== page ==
What plants will cicadas put at risk?

Spring is always a busy time at the Morton Arboretum. Add in millions of emerging cicadas and the season's to-do list gets exceptionally longer.

"We're doing a lot to prepare," said Spencer Campbell, manager of the plant clinic at Morton Arboretum in Lisle. He said workers at the arboretum were busy throughout the first weeks of May wrapping hundreds of the arboretum's youngest trees to protect them from this year's expected cicada brood.

"It's the same material used for a wedding veil or a tutu," Campbell said of the fabric used to wrap the trees.

While cicadas are harmless to mature trees, the breeding process can cause damage to smaller trees, Campbell said. Female cicadas prefer to lay their eggs in branches that are ¼ to ½ inch wide. To do so, the cicada makes a small incision in the branch and places about 20 eggs inside. Because each female cicada can lay about 600 eggs, one tree can be subjected to many small incisions.

"All those small cuts can have an impact," Campbell said.

Insecticides may kill adult cicadas but will not harm deposited egg masses, Campbell said. And because cicadas are a desirable food source for many animals and birds, insecticide use is not recommended.

Instead, wrapping the trees in tulle is the best way to protect them, Campbell said. To determine whether a tree is vulnerable, measure the trunk's diameter 4.5 feet above the ground, Campbell said. If it is 2 inches or less, consider wrapping the tree.

Along with saplings, Campbell said homeowners should consider wrapping woody plants such as hydrangeas, rose bushes and raspberry bushes. A video on the arboretum's website at shows the simple process.

Trees are vital to the entire life cycle of the cicada, Campbell said. Those tiny eggs, no bigger than a grain of rice, develop in the tree for six to 10 weeks before dropping to the ground, where they will feed on the tree's sap until they emerge fully developed many years later. Some broods of cicadas remain underground for 13 years, while others stay there for 17.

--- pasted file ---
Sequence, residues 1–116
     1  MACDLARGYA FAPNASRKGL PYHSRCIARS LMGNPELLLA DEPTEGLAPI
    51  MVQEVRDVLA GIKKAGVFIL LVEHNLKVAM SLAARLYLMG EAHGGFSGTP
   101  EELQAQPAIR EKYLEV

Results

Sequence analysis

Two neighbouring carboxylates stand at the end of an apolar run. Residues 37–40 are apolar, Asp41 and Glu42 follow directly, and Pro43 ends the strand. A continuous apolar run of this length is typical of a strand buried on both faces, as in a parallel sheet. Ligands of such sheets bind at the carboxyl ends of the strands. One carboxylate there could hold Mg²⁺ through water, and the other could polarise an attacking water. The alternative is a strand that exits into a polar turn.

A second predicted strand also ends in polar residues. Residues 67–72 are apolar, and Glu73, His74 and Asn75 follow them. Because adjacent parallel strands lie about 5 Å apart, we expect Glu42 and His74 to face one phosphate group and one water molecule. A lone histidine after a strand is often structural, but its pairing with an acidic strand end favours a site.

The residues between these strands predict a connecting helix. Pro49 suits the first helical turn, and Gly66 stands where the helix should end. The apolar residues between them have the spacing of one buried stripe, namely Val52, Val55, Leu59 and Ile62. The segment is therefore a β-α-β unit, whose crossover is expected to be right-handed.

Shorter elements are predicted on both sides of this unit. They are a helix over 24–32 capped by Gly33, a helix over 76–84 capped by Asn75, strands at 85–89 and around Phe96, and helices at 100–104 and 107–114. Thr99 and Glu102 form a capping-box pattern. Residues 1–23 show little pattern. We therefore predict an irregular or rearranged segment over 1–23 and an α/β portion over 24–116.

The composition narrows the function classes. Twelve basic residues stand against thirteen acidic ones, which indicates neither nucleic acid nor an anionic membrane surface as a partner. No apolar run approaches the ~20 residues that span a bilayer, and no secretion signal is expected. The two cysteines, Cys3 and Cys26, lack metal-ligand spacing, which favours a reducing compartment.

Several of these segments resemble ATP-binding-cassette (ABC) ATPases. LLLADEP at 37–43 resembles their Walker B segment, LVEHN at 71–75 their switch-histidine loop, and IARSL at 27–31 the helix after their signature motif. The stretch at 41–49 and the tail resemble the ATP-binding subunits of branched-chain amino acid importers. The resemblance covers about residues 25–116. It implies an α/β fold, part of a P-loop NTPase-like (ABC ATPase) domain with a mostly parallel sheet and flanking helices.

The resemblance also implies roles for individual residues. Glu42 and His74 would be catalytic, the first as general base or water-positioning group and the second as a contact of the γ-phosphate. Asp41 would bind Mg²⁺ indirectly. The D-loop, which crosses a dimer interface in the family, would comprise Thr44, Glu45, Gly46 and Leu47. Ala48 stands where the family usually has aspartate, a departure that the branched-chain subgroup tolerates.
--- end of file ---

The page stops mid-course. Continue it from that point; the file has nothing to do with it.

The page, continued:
What the cicadas take while laying their eggs, they give back as fertilizer. Cicadas emerge from the ground wearing a hard shell known as an exoskeleton. Once discarded, the shells fertilize the tree, helping to ensure a healthy environment for the next emerging brood.

Campbell said the cicadas are loud and might be seen as a nuisance to humans, but to wildlife, they provide an unexpected feast. The bugs are so abundant and nutritious, Campbell said, animals that eat them produce larger, healthier litters of offspring in the year to follow.

"There absolutely are more positives than there are negatives," he said.

Homeowners who are planning to protect their trees this time around have no time to waste. With soil temperatures rising and leaves on the trees, Campbell said the great cicada invasion of 2024 is imminent.

"We're getting close," Campbell said.

- by Sandy Illian Bosch

Author Bio

Sandy Illian Bosch is a contributing writer to The Hinsdalean